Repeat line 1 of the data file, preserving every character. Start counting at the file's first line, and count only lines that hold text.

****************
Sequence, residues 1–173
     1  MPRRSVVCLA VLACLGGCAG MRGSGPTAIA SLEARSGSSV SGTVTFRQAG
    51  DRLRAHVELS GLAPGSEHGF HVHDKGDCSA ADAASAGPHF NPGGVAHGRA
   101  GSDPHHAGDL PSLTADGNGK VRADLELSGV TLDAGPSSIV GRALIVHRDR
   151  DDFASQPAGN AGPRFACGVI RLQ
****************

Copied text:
Sequence, residues 1–173